“I just have one question, if I may: why do you keep coming back?”
It’s a Wednesday morning. The pastor and I are pressed to the sides of the small (cozy?) Fehrenbacher Hof cafe, elbows and knees contained lest the troop of backpack-laden students, recently arrived, runs us over. In true Portland-grime style, there’s an air of shabby-chic that pervades. There are teas stacked six high lining the walls, mismatched, chipped coffee mugs, and a truly sinful case of pastries.
The pastor awaits my answer.
His eyes are kind. No judgment lingers there, no distaste or malice. In his sincere expression, his attentive, listening posture, I sense only genuine, gentle curiosity.
I gather my thoughts.
It’s a fair response. Safe in the wafts of espresso, we had spent the last twenty minutes discussing how I had felt rejected in every way from the church. “Religion is the greatest enemy of the church/the church is its own worst enemy,” etc. It’s an easy enough sentence to write–fingers tapping down on keys in a dance long since memorized–but the reality had been harrowing. In Japan, where my ship had spent over 370 days at sea, we had been too busy to experience Christianity in its more formal iterations.
In Bahrain… well, now that was another story. My work had kept me extremely busy and borderline exhausted; but, given that it was a land-based assignment, I had still tried. The church on base had been lackluster. I personally experience God through music, and the contemporary Protestant service had left me cold. The music in the Arabic service had been similarly disappointing; but, more distressingly, it was situated in the oldest, most crowded part of the island. The journey to the church’s doors had been harrowing in its own way; the masses of people, close spaces, and loud noises had overwhelmed the senses. After spending over an hour fruitlessly searching for parking one night, I never went back.
Not yet deterred, I had tried attending a service at one of the more popular expat churches, “St. Christopher’s.” I’m not sure what St. Christopher, patron saint of travelers and lightning, would have thought of the service, but it left me scalded with horror. The pastor had supposedly been offering a message on friendship. Twenty minutes later, however, the only message he had succeeded in getting across was that homosexuals were worse than child molesters.
Side note–I dislike labels. Truly, sincerely. When someone recently asked me how I identify, I responded, “As a Brett. Who happens to be gay. Along with being a sister, daughter, Christian, poet, storyteller, laugher, adventurer, and goofball.” That said… when a man of God tells you you’re 100% guaranteed to go to hell/(insert other variations of damnation here), that’s a tough pill to swallow.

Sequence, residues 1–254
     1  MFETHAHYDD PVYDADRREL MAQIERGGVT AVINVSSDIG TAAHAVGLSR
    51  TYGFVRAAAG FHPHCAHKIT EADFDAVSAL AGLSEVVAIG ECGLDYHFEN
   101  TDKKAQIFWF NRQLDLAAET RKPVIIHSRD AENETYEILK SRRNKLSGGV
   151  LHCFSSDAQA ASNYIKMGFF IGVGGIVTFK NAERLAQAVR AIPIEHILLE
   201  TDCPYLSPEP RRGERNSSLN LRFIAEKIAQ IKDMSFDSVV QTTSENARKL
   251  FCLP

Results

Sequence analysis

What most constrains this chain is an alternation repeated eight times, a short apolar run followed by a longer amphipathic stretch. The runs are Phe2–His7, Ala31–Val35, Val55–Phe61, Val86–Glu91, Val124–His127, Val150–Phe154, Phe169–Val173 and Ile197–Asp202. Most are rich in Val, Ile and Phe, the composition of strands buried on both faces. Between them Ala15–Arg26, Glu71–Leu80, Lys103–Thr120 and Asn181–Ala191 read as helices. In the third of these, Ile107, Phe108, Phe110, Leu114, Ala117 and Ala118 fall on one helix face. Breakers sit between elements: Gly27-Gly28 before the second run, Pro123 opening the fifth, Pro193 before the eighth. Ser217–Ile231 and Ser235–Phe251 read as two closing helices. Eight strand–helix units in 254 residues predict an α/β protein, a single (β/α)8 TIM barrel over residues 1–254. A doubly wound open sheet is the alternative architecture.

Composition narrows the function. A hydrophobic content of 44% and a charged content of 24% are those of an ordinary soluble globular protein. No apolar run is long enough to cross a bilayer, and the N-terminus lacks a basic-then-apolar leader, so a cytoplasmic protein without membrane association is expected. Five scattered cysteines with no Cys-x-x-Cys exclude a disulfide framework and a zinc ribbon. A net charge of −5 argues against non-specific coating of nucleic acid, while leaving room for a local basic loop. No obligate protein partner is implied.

I tried sitting through the whole sermon, hoping there would be some redemption to this spirit of hatred in the infamous “third point.” There wasn’t. What was almost worse, however, was when I tried to speak to this man of God following the service, referencing my own credentials of “properly raised in the faith,” grown in the shadow of Liberty University, etc., he completely dismissed my concerns. I had been trying to speak, not necessarily on my own behalf, but more for the generations of troubled LGBTQ youth who resorted to suicide. Instead of listening with compassion, this pastor wholly disrespected me, my experience, and my position.
I never went back there, either.
As a last resort, I returned to the church on base, this time attending the Catholic service. After a long, exhausting, 12hr shift on night watch, I dragged myself bleary-eyed to mass. The sermon that day? “How Wonderful that God Made us Catholic.”
Aaaaand my shadow rarely (if ever?) darkened that door again, either.
And yet, here I was. In Portland, once again at a church, once again attempting to trust. I won’t lie–it wasn’t easy. The day I finally returned to service, I had a good long freak-out at home, texting my friends across the country about how scared I was to go back. But I did. I went anyway, despite my fear. The message that day was from a new pastor, a different one, and she spoke of safety. I later confessed in her office, breaking down as I so loathe to do, that that sense of safety was one thing I wholly lacked.
And yet… and yet I was there. Why?
“I think,” I answered, looking steady-eyed at the man in the café, “I think it comes down to faith. To grace.”
It’s a cheesy answer, right? This is 2020, haven’t we come up with anything better than that? But, on another level–isn’t that what this is all about?
“Bitterness doesn’t suit me,” I continued. “What did I have to gain from gnashing my teeth outside the door? It’s hard, yes, but… sometimes fear is worth it.”
Because I choose to trust. Despite the fear, despite the pain, despite the scars that wend through my mind and heart… I choose to believe in grace. Not every tragedy has a reason, and that’s a whole other debate on determinism/free will. But, after years of living alone, I’m starting to see hope and “coincidence” in very strange places indeed.
If the start of this new decade sees me scarred but hopeful–stained by shadow but choosing to believe in light–then so be it.
Welcome, 2020. I’ll see you in church.